Where Alexandria Ocasio-Cortez Parts Ways With Bernie Sanders
The two self-avowed democratic socialists share a lot in common—but disagree on immigration.
Here are a few things I have noticed about Alexandria Ocasio-Cortez’s exceptionally disciplined congressional campaign, which will surely make her a folk hero on the left. First, my impression is that she had strikingly little to say about Russian interference in the 2016 election, nor did she spend her time litigating the question of whether James Comey’s blundering interventions cost Hillary Clinton the presidency. In my experience, those are fixations of Democrats who are more partisan than ideological, and for whom Clinton’s defeat is a lingering wound. Ocasio-Cortez, meanwhile, is an avowed democratic socialist who organized for Bernie Sanders, a man who stubbornly continues to insist on identifying as an independent. It is not at all clear that loyalty to the Democratic Party per se is one of her chief motivations.
Further, you won’t find the third-generation Bronxite braying against Donald Trump’s supposed transgressions against the postwar liberal international order. This is perfectly in keeping with the fact that many on the hard left have their own objections to the status quo in U.S. foreign policy and don’t generally look to grey eminences from the Council on Foreign Relations or the Brookings Institute for guidance. In a similar vein, Ocasio-Cortez hasn’t warned that the GOP’s fiscal recklessness will endanger the federal government’s credit rating. To the contrary, in an exchange with In These Times, she poured scorn on centrist Democrats who believe “we’re going to austerity our way into prosperity,” attributing their aversion to deficits to an excessive deference to Wall Street con artists. And why wouldn’t she? Sanders and his devotees are enthralled by the heterodox economist Stephanie Kelton, who has risen to intellectual celebrity by arguing that the only real constraint on federal spending is inflation, and that alarm over deficits is, in short, nonsensical.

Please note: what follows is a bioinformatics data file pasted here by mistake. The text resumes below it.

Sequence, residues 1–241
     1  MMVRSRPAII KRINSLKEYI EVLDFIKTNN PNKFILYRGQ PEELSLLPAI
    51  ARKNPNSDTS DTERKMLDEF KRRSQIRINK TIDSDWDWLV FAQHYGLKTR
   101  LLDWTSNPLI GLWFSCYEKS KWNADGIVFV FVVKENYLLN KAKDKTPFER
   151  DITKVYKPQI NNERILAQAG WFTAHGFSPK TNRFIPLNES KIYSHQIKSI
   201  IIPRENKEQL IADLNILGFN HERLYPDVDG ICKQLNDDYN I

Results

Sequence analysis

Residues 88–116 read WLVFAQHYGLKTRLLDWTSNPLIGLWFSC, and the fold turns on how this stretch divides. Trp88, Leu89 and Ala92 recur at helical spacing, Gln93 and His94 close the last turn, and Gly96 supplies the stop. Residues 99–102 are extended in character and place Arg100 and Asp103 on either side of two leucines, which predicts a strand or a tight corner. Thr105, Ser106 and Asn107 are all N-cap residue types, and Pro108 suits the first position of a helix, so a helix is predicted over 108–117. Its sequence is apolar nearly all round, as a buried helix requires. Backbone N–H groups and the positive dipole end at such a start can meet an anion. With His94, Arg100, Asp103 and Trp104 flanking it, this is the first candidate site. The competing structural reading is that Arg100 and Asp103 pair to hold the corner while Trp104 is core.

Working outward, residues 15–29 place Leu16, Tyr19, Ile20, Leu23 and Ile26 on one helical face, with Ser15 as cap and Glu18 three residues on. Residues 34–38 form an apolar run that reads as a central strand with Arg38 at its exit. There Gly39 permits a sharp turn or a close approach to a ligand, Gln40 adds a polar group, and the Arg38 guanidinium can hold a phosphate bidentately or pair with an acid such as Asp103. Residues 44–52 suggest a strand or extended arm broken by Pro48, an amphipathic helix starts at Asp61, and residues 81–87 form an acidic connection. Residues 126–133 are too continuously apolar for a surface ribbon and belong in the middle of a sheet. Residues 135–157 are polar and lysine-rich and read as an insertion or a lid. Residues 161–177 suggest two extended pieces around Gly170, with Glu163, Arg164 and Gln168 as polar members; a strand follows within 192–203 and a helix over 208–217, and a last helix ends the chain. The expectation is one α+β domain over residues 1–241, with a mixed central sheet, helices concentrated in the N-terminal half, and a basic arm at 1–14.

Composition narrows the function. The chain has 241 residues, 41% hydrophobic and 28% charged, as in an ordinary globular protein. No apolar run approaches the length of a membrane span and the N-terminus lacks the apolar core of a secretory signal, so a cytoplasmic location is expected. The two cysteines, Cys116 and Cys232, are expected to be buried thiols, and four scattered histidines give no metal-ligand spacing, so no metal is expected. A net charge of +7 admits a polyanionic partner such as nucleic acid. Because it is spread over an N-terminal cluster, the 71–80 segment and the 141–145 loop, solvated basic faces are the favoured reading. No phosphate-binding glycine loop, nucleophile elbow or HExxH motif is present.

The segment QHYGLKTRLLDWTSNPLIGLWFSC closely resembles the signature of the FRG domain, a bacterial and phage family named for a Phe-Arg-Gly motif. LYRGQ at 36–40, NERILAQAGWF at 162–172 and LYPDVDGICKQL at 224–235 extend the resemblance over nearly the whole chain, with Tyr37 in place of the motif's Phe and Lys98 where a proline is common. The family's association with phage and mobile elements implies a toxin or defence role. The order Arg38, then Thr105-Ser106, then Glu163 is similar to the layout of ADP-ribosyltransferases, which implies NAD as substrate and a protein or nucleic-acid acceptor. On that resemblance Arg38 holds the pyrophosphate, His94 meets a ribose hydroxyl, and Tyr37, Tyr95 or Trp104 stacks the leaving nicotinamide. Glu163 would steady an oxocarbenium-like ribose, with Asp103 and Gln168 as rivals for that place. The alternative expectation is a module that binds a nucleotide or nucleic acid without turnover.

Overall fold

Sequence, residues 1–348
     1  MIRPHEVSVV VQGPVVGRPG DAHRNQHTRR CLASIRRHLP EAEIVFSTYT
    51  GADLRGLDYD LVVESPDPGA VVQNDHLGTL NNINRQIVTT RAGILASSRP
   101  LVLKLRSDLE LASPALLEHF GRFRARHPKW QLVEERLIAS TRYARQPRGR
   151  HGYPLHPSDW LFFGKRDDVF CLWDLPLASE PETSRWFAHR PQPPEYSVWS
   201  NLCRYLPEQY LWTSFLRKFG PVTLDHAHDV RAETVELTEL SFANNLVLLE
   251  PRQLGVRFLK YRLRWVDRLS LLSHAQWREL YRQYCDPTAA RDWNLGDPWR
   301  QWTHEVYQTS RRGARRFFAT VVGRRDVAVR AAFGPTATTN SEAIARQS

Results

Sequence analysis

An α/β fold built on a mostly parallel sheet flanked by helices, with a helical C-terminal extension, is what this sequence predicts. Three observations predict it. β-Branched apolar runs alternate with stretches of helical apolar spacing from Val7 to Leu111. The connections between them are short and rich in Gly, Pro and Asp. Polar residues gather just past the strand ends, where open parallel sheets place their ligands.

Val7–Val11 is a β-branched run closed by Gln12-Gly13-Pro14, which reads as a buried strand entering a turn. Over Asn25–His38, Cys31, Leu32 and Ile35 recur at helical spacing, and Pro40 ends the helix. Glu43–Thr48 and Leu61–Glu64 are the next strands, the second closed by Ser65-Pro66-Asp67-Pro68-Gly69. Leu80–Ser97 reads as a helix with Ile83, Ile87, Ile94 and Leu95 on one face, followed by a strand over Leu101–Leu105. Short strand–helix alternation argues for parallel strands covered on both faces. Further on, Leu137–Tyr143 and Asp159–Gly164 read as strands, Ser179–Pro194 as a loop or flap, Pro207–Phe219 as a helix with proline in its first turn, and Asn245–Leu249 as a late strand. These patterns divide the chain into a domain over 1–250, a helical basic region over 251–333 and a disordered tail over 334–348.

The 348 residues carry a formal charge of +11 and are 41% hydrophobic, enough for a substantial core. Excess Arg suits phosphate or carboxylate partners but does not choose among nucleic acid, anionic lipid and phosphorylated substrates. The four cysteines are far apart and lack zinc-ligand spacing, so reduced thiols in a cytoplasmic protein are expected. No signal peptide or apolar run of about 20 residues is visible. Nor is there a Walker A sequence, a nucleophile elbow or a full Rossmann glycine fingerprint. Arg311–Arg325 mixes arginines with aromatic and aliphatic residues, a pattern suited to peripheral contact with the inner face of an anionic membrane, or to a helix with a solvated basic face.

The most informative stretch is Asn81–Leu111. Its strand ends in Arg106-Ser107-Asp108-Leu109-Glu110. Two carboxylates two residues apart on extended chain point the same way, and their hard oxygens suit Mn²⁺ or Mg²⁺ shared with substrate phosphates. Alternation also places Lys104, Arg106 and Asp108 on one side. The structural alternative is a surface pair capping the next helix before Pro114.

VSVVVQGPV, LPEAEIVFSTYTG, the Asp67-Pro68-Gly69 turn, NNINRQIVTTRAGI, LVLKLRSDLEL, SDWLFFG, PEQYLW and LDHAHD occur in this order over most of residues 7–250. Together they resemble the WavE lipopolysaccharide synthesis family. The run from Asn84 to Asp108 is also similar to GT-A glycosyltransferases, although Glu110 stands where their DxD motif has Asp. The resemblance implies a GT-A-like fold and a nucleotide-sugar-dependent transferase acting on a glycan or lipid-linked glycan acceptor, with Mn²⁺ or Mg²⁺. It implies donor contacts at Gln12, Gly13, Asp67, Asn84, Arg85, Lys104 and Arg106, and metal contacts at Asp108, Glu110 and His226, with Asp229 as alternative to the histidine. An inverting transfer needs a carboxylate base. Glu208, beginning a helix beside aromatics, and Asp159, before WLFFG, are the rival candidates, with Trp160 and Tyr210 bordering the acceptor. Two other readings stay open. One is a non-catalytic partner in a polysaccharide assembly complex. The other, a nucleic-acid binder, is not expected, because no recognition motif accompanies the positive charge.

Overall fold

While centrist Democrats fret that the Trump administration’s tariffs will plunge the U.S. and global economies into the abyss, Ocasio-Cortez doesn’t seem especially interested in protecting the cross-border supply chains of U.S. multinationals. Here I am reminded of the work of J.W. Mason, another leading light among left-wing economists, who argues that socialists have good reason to be wary of globalization, at least until the distant time when democratic decision-making is no longer bounded by the nation-state.
And if Ocasio-Cortez has expressed alarm over the extent to which the president and his allies are violating norms of civility, I have missed it. Like many on the left, she seems more drawn to the view that there is no place for civility when doing battle with fascists.
What does Ocasio-Cortez’s success imply about the future of the Democratic Party? For one, the party’s democratic socialists are now a force to be reckoned with, especially in densely populated urban constituencies like hers that are home to large numbers of working-class people of color and college-educated professionals. This is the “rainbow coalition” the left has envisioned since the Nixon era, and the victory of a 28-year-old professional leftist of Puerto Rican origin over a 56-year-old Irish-American Catholic, who had been racing leftward to erase the stain of his centrist past, certainly looks like its fruition.